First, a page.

It may not be surprising that expanded telehealth services continue to significantly reduce patients’ difficulty in scheduling interactions, staying almost constant at nearly half of survey responses, and there was almost a 20% increase in use of online/mobile scheduling. Health app usage varies by age group, with 33–45-year-olds a whopping 80% more likely to use them than other demographics.

How will healthcare adapt?
Providers are responding to some of these expectations from Generation C while facing opportunities for improvement and competitive differentiation on others. There are four broad areas in which these insights are most notable:

  • Patient experience — According to the survey, 93% of providers see improving the patient experience as a top priority. This includes enabling several digital initiatives to simplify and standardize registration processes, changing the way data is collected and used during healthcare journeys and applying innovations to make reporting and invoicing easier to understand.
  • Self-directed access — Enabling self-scheduling and online portal access is a more difficult challenge, insomuch that it can require significant IT development. This is also a top priority among providers, especially in a time when a large volume of patients are returning for previously scheduled procedures and/or arriving with new issues that have emerged during the pandemic lockdown. Being able to best respond to this influx is key, as is continually exploring new and better ways to do it.
  • Physical access — Perhaps surprisingly, 86% of patients (compared to 81% last Fall) say they believe their provider has made on-site facilities safe and are willing to return to waiting rooms and physical interactions with their providers, leading to a hybrid approach to providing services in person and across virtual interaction platforms. The challenge is that these physical visits can often include pharmacies and other non-traditional providers of healthcare services, which challenges providers to find ways to capture those visits. Ensuring on-site safety and contactless, efficient use are ways they’re doing it. These changes might be permanent.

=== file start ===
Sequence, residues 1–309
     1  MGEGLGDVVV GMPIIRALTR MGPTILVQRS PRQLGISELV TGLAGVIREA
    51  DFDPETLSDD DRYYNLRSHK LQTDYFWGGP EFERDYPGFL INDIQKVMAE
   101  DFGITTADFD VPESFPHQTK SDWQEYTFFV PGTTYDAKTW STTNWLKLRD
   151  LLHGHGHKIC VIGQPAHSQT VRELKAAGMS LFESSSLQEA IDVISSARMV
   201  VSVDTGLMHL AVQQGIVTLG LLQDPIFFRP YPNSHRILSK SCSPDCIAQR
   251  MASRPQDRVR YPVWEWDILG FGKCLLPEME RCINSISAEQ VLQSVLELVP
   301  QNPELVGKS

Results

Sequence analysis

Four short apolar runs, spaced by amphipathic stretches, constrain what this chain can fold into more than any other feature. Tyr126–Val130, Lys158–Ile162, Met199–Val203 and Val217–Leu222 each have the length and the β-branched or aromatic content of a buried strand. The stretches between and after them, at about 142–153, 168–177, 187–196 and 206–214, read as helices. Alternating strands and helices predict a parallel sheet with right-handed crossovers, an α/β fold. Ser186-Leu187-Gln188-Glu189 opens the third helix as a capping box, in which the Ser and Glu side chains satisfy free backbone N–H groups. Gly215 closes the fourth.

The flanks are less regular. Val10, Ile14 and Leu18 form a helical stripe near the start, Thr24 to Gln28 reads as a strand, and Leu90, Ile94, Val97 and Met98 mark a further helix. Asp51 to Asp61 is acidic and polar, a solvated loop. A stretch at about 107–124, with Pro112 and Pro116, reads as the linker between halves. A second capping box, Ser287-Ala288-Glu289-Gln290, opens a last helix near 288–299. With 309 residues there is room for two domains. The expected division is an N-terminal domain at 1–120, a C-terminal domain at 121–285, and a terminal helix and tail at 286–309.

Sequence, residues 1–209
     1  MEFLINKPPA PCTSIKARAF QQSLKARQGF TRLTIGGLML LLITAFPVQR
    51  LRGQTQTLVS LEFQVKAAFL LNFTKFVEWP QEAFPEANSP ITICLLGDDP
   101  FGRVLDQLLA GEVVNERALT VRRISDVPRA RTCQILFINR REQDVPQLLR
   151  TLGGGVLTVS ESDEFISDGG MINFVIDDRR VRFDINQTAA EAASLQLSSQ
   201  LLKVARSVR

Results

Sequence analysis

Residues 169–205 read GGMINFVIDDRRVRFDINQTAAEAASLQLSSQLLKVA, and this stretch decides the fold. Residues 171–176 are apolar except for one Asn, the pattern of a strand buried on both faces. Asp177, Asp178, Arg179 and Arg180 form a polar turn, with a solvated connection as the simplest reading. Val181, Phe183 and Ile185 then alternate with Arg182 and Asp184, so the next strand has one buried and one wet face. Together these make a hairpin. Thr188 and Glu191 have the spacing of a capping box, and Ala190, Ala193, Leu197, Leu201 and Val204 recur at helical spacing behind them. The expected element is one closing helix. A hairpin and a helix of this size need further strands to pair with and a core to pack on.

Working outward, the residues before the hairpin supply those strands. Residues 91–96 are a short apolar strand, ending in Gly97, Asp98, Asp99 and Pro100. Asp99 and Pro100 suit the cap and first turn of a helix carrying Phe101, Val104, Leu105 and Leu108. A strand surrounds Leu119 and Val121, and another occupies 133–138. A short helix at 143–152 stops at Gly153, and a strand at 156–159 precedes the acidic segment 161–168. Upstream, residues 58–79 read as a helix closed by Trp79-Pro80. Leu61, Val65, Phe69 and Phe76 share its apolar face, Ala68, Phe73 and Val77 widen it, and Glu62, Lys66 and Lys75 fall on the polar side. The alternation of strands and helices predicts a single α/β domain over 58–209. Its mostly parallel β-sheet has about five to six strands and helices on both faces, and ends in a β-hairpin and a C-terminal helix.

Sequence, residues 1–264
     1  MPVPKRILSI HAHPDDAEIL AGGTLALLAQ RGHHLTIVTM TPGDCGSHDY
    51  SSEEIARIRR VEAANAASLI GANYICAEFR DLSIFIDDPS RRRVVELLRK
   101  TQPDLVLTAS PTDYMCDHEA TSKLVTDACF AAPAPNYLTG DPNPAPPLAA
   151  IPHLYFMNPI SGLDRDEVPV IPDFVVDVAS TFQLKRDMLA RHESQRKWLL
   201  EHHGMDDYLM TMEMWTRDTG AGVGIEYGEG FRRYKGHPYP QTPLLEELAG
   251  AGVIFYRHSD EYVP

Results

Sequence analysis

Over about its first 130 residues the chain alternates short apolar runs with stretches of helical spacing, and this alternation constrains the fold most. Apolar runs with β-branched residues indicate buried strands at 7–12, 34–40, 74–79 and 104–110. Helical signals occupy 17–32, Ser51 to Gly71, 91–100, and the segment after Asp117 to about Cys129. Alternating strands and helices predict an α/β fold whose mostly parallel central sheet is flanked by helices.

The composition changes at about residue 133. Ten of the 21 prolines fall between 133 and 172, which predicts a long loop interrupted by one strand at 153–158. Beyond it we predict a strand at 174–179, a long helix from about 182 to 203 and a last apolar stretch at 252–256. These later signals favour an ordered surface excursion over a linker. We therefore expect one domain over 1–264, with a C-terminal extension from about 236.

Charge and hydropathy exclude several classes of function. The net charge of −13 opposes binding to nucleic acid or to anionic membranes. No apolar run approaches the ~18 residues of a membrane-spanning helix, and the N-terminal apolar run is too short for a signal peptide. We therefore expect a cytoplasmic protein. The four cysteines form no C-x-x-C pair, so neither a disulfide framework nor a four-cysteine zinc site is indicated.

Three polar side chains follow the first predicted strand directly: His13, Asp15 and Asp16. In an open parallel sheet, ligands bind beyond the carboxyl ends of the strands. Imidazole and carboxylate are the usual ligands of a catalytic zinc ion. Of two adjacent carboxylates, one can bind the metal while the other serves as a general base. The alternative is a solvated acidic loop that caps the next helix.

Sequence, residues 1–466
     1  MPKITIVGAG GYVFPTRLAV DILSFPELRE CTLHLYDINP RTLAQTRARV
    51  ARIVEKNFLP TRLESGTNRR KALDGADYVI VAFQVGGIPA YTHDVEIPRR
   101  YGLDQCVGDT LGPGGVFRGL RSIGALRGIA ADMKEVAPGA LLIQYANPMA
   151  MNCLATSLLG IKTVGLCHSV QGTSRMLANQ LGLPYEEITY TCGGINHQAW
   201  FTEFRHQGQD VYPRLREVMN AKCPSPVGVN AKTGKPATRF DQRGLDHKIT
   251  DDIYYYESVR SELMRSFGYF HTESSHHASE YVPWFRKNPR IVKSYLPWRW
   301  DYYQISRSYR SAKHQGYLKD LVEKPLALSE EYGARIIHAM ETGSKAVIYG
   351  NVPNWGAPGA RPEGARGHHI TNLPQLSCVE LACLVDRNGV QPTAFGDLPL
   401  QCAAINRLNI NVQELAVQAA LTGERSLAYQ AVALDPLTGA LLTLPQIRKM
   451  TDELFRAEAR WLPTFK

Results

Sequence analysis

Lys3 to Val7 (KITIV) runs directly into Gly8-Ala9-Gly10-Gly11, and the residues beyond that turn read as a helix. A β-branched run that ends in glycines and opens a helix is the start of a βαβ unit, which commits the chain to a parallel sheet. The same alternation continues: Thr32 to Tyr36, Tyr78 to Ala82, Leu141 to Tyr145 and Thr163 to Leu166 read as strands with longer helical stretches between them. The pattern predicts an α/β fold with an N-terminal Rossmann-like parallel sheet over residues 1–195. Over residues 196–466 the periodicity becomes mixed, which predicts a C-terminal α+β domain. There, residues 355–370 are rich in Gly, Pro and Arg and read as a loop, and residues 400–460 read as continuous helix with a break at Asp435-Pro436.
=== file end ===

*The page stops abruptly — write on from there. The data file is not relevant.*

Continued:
• Payments — The remit for payment innovation ties directly to patient needs for cost transparency and assists with provider requirements for prompt and full payment. Better, simpler payment processes connect to delivering positive outcomes for patients and providers, and even promotes patient loyalty. The significant revenue shortfall that many providers experienced during the pandemic demands innovation and remains the area in need of the most added awareness and effort. Financial difficulties were a major hurdle for patients accessing care before the pandemic, and as care becomes more nuanced and distributed, innovations in this area will only grow in importance.

The pandemic forever changed the way we think about and access healthcare and will in large part dictate the paths our care journeys follow in the coming years. For the younger demographic of patients who are only now at the age where they will handle their own healthcare, what has been an evolution or revelation for the rest of us will be the status quo.

This means digital transformation really isn’t a new phenomenon anymore; this dynamic is not something that gets done apart from or in parallel with providers’ other work and responsibilities. Digital innovations play a role in every aspect of patient engagement and will eventually play the central role in how patients interact with their healthcare.

It’s key to everything because we’re all Generation C now.

Photo: phototechno, Getty Images